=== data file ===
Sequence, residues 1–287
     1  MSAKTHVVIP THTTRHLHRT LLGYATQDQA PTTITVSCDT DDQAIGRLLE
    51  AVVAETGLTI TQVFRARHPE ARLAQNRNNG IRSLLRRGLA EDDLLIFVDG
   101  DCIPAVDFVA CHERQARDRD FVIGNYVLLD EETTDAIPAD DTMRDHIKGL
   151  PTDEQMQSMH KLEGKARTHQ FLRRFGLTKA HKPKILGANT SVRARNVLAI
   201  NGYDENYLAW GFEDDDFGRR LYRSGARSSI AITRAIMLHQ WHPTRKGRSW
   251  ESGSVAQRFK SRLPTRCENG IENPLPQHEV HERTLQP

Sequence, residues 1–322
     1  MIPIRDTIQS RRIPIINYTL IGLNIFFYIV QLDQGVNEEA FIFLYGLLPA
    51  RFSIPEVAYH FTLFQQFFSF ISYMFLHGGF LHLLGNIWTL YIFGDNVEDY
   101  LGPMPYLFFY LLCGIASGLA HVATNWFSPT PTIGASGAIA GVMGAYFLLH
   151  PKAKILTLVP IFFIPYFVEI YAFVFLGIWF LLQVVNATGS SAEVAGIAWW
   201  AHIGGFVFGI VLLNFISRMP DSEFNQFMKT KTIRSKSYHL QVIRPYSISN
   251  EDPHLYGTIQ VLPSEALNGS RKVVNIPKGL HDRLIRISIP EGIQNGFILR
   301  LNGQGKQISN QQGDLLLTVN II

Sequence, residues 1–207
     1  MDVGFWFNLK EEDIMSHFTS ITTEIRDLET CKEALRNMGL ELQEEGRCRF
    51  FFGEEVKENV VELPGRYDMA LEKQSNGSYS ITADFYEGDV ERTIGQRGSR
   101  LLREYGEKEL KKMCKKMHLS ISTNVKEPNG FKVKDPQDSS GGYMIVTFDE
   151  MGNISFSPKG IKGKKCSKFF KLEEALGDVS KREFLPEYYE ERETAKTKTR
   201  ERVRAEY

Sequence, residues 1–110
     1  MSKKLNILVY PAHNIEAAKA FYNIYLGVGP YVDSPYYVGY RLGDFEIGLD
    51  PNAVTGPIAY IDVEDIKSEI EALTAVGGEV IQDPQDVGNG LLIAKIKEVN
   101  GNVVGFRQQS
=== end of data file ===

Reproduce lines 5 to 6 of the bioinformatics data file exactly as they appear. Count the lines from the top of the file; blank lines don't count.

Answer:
   151  PTDEQMQSMH KLEGKARTHQ FLRRFGLTKA HKPKILGANT SVRARNVLAI
   201  NGYDENYLAW GFEDDDFGRR LYRSGARSSI AITRAIMLHQ WHPTRKGRSW